Conferences and Workshops
Linguistics seminar series
The first seminar will be held on the 9th of March, where Dr Mark Harvey
will present, 'Cultural diffusion in Aboriginal Australia'.
Time: Monday 4pm-5pm
Location: McMullin MCLG59
The semester 1 timetable for the Linguistics Seminar Series is now available
Directions in Oceanic Research (DOR)
Date: 9-11 December 2008
In recent years research attention has to some extent moved away from Oceanic languages, towards eastern Indonesia and Formosa in Austronesian, and towards Papuan. While these are significant areas for research, this trend raises questions about the extent to which Oceanic retains continuing significance for wider linguistic research.
This conference explores the place of Oceanic language research in the wider agenda of linguistics by focusing on two themes. One is concerned with aspects of Oceanic, from broad issues in Oceanic grammar to specific phenomena in individual languages, that hold continuing significance in informing a wider understanding of language. The second theme relates to the interaction and integration of successive layers of linguistic research in investigating Oceanic, particularly the core layers of documentation, description, typology and formal theory.
The interaction and successful integration of these layers is crucial to linguistics’ core research agenda of modelling the language faculty. Modelling language is the function of formal theory, but to successfully do so, formal theory depends on thorough descriptions of individual languages and broadly based typologies of phenomena to model. Typology in turn also depends on detailed descriptions, while descriptive linguistics depends on adequate documentation. These four successive layers of research activity are interdependent and each essential to the overall research program. This conference explores the interaction and integration of multiple layers in investigating Oceanic.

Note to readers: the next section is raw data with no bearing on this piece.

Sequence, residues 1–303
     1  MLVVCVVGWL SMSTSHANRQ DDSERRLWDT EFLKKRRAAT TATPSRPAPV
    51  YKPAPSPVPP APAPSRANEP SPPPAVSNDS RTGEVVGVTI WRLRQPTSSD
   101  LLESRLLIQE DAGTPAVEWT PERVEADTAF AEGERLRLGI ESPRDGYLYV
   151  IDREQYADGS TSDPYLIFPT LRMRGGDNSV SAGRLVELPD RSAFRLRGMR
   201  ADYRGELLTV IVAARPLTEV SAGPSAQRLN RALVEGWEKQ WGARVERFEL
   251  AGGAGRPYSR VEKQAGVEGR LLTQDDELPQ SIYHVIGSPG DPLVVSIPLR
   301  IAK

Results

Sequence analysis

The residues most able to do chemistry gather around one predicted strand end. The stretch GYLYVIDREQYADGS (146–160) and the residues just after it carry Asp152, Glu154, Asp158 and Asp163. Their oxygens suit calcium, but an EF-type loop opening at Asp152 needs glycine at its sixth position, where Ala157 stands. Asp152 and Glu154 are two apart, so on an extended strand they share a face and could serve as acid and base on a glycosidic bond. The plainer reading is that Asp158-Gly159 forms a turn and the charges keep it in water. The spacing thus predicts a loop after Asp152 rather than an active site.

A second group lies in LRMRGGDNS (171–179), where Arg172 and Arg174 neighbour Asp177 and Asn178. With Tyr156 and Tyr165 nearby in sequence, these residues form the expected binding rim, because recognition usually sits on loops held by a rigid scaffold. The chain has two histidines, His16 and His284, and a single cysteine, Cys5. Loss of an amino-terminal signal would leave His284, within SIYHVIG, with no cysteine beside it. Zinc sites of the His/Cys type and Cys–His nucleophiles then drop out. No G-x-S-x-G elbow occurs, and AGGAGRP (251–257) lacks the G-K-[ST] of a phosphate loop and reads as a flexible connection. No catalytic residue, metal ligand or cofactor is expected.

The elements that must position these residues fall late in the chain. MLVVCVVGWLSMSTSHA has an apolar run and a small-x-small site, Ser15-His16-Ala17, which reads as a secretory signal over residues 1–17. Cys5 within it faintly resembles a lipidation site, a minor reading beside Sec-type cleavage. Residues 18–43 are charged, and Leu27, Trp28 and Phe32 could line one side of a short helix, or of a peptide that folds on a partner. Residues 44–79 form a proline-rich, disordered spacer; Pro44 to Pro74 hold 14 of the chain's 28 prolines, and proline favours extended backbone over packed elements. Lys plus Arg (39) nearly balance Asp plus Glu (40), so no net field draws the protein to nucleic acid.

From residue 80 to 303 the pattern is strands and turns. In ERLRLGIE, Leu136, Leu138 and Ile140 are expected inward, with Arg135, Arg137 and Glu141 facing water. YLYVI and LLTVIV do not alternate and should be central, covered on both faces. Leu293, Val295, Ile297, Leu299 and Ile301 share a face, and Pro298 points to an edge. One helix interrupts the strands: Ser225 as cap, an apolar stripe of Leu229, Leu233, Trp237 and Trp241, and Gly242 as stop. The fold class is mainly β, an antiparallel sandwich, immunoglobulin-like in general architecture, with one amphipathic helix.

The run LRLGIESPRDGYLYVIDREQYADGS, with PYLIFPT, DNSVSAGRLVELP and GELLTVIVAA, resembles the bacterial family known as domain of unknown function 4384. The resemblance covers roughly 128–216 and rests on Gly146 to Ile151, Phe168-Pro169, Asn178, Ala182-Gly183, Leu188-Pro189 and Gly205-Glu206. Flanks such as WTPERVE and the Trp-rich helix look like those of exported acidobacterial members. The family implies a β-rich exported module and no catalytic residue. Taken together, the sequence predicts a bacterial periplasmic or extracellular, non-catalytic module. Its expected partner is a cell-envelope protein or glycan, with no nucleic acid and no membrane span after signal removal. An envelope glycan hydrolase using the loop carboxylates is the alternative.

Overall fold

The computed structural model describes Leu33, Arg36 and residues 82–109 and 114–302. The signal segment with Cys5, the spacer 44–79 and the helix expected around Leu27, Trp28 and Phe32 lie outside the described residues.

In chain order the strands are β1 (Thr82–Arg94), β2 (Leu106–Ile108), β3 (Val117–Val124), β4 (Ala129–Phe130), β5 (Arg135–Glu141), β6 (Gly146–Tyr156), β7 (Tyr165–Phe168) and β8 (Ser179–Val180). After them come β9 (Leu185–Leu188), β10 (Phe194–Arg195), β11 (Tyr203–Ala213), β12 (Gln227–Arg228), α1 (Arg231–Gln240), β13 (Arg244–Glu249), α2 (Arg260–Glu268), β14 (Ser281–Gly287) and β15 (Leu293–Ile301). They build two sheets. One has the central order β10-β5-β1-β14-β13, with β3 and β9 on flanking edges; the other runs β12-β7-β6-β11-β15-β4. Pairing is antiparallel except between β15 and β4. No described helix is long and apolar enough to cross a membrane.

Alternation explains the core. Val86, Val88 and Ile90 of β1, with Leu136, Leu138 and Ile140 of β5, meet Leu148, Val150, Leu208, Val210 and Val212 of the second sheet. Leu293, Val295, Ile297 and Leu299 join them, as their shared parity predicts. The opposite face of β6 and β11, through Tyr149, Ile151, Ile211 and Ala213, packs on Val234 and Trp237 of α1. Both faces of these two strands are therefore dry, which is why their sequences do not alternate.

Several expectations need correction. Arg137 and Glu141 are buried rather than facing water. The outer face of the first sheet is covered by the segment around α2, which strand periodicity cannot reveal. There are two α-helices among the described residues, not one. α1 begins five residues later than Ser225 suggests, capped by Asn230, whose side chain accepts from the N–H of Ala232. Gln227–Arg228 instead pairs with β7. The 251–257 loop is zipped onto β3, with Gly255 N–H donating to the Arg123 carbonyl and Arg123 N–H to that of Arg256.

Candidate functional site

To address these themes the conference brings together key scholars representing each of these core layers of research within Oceanic.
Juliette Blevins Max Plank Institute, Leipzig Phonological Theory
Frantisek Lichtenberk Auckland Description
Diane Massam Toronto Syntactic theory
Claire Moyse-Faurie LACITO-CNRS, Paris Typology
Nick Thieberger Hawai’i Documentation
René van den Berg SIL PNG Integrating research
Call for papers
Abstracts are invited for 30 minute talks (20 minute presentations + 10 minute discussion) on any topic relating to Oceanic, in the following overlapping areas:
The interaction and integration of multiple layers of linguistic research in the field of Oceanic languages.
Aspects of Oceanic languages with continuing wider significance.
We welcome papers in one or more of the following areas, particularly those integrating more than one area:
We also welcome papers relating to the wider significance of Oceanic in other subdisciplines, including:
language and prehistory;
language, culture and cognition;
Abstracts should not exceed one A4 page with a 2.5cm margin on each side and in 12 pt. Times New Roman font, with one additional page for data and references. IPA data should use Doulos SIL font if possible.
Abstracts should be submitted in two versions. One version should be in Word, consisting of the title, followed on separate lines by the author(s) name(s), affiliation(s), and email contacts. The second version should be fully anonymized, and submitted preferably as a pdf, or in Word.
All abstracts should be sent as email attachments to email@example.com
Submission deadline is Friday 15 August.
Registration details will be announced in due course. Registration will be A$100, or A$50 for students/unwaged.
Venue: University of Newcastle, Central Coast Campus
Contact: Dr Bill Palmer (Director)
Meeting email: firstname.lastname@example.org